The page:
Citizens are learning more every day about how data collected by dominant software platforms are not just used to “improve the lives of as many people as possible” (Google), or, to “give people the power to build communities” (Facebook), but also produce negative cultural, social, and political effects. In particular, the designs of these systems compel users to provide increasing amounts of personal information, enabling rapid expansion of corporate and state infrastructures for the purposes of surveillance, profiling, and profit. While recent outcries over events like Cambridge Analytica’s manipulations of electorates in the US and UK have led to campaigns like #deletefacebook, most users remain on the platform. Given this, an alternative approach is the author’s artistic strategy of “software recomposition,” treating existing websites and other software systems not as fixed spaces of consumption and prescribed interaction but instead as fluid spaces of manipulation and experimentation.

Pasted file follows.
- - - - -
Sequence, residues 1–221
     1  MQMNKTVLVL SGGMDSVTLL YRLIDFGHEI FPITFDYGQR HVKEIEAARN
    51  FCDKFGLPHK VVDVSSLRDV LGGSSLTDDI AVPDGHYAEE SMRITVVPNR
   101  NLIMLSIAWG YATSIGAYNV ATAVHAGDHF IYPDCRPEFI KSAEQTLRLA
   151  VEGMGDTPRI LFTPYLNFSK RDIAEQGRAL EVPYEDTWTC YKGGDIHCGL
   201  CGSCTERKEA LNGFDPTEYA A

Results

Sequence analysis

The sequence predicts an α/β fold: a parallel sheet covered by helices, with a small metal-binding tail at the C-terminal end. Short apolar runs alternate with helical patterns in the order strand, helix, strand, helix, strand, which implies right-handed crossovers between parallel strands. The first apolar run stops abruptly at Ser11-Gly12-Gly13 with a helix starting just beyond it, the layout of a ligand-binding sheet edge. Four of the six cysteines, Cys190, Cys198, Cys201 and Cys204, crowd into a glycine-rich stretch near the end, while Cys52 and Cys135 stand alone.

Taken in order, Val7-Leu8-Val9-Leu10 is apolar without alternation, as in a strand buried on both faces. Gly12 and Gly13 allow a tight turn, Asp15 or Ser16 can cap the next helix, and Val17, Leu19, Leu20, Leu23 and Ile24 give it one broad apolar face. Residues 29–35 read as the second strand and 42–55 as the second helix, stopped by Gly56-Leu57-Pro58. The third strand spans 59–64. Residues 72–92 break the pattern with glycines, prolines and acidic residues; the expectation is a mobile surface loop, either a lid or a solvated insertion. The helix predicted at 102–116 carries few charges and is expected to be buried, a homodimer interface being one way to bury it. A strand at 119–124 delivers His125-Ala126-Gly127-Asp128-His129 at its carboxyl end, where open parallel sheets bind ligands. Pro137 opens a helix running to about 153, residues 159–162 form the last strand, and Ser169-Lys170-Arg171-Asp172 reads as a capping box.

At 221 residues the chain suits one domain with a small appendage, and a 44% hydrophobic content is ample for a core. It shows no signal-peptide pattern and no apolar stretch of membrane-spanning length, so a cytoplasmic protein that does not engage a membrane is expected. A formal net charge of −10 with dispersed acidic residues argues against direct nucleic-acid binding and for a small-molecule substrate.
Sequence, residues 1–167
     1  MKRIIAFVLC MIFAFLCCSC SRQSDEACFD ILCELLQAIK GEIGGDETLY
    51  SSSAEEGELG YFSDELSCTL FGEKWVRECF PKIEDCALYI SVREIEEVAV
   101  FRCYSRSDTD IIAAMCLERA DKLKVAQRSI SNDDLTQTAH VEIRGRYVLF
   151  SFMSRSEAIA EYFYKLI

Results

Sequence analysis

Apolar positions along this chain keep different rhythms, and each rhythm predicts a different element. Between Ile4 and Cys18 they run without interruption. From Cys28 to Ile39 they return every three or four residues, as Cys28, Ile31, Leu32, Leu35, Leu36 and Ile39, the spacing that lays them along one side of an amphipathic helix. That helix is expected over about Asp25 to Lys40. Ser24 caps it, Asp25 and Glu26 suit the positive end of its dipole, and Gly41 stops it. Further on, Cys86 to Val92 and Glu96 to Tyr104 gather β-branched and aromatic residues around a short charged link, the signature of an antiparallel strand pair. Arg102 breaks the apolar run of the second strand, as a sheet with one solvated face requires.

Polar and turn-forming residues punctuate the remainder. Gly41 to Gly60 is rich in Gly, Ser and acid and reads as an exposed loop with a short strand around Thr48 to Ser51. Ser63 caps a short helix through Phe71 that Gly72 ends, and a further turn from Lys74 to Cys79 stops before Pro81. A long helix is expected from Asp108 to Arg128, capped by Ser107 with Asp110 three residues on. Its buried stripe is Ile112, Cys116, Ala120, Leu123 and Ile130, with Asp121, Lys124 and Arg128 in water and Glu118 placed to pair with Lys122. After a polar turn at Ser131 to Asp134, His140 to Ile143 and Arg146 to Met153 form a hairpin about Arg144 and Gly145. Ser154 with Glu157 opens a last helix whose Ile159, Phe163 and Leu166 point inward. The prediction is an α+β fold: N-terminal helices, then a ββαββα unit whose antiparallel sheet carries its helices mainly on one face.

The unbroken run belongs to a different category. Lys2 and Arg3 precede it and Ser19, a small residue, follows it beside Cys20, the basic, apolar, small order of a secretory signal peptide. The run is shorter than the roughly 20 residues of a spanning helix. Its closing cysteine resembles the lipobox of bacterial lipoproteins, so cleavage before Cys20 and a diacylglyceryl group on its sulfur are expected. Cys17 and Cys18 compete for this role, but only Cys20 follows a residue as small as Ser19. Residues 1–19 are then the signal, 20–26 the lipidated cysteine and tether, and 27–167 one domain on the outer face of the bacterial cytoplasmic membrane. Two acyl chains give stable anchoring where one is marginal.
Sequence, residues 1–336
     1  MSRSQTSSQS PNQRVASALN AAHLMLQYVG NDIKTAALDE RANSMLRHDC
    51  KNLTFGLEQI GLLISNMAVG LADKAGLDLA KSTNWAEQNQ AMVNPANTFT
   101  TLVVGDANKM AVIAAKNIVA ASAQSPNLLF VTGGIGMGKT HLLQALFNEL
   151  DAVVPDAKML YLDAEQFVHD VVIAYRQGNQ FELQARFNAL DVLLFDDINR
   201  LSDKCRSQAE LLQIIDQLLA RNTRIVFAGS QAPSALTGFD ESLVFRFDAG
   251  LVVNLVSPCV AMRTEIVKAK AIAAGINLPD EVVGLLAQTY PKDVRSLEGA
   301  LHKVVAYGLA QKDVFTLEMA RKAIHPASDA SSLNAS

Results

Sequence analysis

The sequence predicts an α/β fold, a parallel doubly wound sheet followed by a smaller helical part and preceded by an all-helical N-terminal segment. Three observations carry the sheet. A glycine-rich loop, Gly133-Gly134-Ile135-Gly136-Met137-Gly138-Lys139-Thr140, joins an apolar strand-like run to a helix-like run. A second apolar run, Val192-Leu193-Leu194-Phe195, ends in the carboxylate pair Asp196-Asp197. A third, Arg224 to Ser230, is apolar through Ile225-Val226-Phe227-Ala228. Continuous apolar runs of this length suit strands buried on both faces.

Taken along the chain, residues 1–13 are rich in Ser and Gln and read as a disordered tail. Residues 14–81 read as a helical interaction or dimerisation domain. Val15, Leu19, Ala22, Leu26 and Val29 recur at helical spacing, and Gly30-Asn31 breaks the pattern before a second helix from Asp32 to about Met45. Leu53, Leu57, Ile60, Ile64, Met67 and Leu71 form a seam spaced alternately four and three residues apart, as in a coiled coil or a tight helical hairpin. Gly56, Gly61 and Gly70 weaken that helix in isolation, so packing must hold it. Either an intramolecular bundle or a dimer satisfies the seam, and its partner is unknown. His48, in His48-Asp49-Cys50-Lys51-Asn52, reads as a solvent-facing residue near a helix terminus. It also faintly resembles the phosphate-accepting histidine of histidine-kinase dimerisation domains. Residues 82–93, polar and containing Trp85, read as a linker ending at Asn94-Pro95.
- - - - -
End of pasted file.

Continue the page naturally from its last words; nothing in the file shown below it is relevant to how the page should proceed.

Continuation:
This workshop will introduce methods of software analysis and practical tools and techniques of software recomposition that anyone can use to gain renewed agency over the software systems they use every day.
Please bring a laptop if possible (or if not, a smartphone).